Less Wrong is a community blog devoted to refining the art of human rationality. Please visit our About page for more information.

Karl_Smith comments on For progress to be by accumulation and not by random walk, read great books - Less Wrong

35 Post author: MichaelVassar 02 March 2010 08:11AM

You are viewing a comment permalink. View the original post to see all comments and the full post content.

Comments (102)

You are viewing a single comment's thread.

Comment author: Karl_Smith 02 March 2010 08:54:24PM 4 points [-]

I think this post overstates the case a bit. My general impression is that the scientific method "wins" even in economics and that later works are better than earlier works.

Now it might be true that the average macro-economist of today understands less than Keynes did but I'd be hard pressed to say that the best don't understand more. Moreover, there are really great distillers. In macro for example, Hicks distilled Keynes into something that I would consider more useful that the original.

Nonetheless, I think it is correct that someone should be reading the originals. If not there is the propensity for a particular distiller to miss an important insight and then for everyone else to go one missing it.

What this says to me is that there should be rewards to re-discovery. Suppose that I read Adam Smith and rediscover something great. I should be rewarded for that just as much as if I had come up with the idea myself. Afterall, it has the same effect on the current state of knowledge. However, that will not happen.

Rediscovering is not as prestigious as discovering, because it is not as difficult and does not signal intellectual greatness.

Comment author: MichaelVassar 03 March 2010 06:11:51AM 5 points [-]

I'm sure some people understand more than Keynes, both today and in his time, but can you name them? The understanding of the best unrecognized synthesizing geniuses of both today and Keynes' day aren't available. If you think that the most famous contemporary macro people know more than Keynes I won't laugh, just observe that they are probably using that knowledge to make hedge fund managers rich, not sharing it with you.

Macro-economists are rightly subject to the criticism "if your so smart, why aren't you rich".

Comment author: Karl_Smith 03 March 2010 06:20:12PM *  4 points [-]

So the easy answers might be:

Ben Bernanke

Mark Gertler

Micheal Wooford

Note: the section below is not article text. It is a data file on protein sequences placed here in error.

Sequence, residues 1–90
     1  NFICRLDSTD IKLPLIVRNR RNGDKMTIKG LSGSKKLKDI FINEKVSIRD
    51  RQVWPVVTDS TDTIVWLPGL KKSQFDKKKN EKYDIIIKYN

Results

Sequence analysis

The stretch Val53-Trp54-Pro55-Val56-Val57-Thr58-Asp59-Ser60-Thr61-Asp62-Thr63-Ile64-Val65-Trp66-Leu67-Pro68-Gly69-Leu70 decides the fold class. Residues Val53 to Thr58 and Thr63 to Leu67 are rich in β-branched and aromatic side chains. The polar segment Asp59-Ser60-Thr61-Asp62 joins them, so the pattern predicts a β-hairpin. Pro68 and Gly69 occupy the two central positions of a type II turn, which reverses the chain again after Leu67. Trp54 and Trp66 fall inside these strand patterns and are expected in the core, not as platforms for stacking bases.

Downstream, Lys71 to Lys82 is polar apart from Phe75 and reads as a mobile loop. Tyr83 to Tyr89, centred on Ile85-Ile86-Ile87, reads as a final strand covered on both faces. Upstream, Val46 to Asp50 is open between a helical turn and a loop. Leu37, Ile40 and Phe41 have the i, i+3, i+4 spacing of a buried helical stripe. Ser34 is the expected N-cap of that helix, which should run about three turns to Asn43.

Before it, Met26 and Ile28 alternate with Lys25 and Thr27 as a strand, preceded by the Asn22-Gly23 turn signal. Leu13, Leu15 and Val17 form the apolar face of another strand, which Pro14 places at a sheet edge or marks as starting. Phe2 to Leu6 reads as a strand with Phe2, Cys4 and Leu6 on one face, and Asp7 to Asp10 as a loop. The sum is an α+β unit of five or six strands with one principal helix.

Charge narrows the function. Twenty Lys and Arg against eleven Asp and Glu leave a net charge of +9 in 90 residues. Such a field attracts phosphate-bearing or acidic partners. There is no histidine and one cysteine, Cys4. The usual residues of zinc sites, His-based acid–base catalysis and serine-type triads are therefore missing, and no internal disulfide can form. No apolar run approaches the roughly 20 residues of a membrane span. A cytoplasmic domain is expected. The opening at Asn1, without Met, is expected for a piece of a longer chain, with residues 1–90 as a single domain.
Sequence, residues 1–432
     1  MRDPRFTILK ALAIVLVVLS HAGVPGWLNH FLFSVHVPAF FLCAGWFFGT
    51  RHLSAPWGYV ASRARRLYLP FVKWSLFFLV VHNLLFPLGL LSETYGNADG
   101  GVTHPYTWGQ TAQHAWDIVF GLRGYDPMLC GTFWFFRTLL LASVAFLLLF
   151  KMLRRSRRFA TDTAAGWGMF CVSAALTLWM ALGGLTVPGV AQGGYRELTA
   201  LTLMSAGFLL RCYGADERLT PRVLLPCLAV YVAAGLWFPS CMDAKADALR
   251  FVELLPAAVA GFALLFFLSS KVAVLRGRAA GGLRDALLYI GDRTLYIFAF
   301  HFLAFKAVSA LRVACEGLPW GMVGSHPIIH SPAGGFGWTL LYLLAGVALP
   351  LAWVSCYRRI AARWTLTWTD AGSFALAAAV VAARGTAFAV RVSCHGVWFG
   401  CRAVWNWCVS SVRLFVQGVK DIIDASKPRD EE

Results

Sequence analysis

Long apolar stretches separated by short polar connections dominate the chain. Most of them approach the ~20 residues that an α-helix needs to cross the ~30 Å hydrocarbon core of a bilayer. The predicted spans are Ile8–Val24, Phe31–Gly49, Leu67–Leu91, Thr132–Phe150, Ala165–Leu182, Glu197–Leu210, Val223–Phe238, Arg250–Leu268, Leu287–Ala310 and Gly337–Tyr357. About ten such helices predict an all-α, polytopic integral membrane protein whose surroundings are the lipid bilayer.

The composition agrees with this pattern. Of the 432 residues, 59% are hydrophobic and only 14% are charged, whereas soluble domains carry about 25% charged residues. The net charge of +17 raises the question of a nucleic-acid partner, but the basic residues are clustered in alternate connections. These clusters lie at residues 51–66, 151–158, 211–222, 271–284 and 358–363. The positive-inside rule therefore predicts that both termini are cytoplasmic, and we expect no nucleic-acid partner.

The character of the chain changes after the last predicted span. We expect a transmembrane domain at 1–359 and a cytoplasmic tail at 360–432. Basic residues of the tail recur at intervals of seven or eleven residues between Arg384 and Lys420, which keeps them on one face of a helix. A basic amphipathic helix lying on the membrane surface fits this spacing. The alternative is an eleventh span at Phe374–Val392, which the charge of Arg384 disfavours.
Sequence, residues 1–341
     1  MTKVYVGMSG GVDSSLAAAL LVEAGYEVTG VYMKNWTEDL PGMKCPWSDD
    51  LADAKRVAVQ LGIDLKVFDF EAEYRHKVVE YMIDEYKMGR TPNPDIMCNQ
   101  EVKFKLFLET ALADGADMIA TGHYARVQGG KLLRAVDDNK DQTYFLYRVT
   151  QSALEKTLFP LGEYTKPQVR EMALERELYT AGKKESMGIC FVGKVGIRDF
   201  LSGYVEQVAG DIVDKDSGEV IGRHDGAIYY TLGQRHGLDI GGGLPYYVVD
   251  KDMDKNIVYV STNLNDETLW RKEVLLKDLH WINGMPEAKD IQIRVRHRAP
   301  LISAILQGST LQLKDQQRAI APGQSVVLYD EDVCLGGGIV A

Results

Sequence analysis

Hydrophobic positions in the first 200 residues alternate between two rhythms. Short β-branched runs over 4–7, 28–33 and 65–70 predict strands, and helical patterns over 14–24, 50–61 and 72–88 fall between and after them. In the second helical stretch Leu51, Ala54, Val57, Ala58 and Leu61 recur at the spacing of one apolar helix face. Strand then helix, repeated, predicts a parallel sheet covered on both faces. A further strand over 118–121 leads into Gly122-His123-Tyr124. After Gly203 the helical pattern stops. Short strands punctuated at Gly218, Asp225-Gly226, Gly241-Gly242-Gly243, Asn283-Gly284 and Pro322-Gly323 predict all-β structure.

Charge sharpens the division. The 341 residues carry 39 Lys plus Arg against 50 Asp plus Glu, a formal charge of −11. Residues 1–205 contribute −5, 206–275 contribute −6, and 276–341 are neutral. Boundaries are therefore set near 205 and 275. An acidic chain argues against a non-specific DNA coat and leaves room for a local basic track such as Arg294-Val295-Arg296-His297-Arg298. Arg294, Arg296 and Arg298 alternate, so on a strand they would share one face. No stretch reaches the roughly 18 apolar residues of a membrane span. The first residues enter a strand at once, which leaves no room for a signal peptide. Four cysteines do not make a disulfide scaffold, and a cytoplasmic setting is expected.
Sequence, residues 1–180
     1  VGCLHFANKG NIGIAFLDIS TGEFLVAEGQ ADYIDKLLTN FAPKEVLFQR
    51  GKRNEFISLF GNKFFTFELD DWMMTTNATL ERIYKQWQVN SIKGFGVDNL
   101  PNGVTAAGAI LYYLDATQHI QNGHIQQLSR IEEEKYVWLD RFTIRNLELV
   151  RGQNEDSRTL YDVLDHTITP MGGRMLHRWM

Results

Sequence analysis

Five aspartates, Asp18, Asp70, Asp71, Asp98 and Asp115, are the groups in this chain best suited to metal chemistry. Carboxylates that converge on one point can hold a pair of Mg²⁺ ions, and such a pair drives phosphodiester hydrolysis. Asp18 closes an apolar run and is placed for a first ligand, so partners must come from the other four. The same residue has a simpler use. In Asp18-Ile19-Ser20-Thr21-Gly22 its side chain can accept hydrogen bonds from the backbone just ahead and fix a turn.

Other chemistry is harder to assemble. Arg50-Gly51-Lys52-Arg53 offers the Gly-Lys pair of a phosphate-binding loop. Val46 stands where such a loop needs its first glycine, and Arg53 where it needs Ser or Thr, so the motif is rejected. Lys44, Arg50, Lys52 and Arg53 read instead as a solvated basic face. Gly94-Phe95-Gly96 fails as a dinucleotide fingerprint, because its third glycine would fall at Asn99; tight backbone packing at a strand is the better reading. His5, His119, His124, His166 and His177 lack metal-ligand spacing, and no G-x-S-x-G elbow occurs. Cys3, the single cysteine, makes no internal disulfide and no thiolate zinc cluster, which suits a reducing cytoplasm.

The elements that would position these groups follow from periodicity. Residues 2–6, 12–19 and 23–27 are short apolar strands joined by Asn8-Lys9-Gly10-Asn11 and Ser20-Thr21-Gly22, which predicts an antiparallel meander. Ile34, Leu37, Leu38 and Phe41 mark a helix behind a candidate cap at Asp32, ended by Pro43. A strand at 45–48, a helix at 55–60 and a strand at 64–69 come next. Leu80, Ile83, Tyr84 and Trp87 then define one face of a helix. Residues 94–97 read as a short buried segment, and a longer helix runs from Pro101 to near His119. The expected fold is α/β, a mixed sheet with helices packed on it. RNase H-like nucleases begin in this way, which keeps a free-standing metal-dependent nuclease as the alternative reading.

Greg Mankiw

Its not clear to me why macro-economists are rightly subject to such criticism. To me its like asking a mathematician, "If you're so good at logical reasoning why didn't you create the next killer app"

Understanding how the economy works and applying that knowledge to a particular task are completely different.

Comment author: SecondWind 19 May 2013 06:03:38AM *  1 point [-]

"If you're so good at logical reasoning why didn't you create the next killer app"

'Designing the next killer app' seems to rely heavily on predicting what people will want, which is many steps and a lot of knowledge away from logical reasoning.

Comment author: TrevinPeterson 02 March 2010 11:52:59PM *  1 point [-]

Rediscovering is not as prestigious as discovering, because it is not as difficult and does not signal intellectual greatness.

There is a difference between rediscovering and old idea, and adapting an old idea to a new situation. Simply rediscovering an old idea does not grant much prestige. Austrians are constantly coming across Hayek quotes and parading them around as definitive solutions to current problems. The problem is that these ideas are every bit as untestable as they were on the day Hayek wrote them. A confirmation bias leads Austrians to see them as Truth, while Keysians remain skeptical.

When old ideas are adapted into a testable form they endow a great deal of prestige. There are all sorts of anecdotes about this happening, such as Henry Ford taking the idea of an assembly line from Oldsmobile and mixing it with his observations from a meat factory, to create the moving assembly line. The difference is that this is a testable idea that creates immediate results.

Comment author: Karl_Smith 03 March 2010 03:13:04AM 0 points [-]

So clearly adapting the new idea is useful.

However, it may also be the case that there is an old idea which if re-examined will be seen to be useful in and of itself.

The problem with the Austrians is that their ideas are being considered and they are being rejected. See Byran Caplan's Why I am Not an Austrian Economist. (link seems not to be working)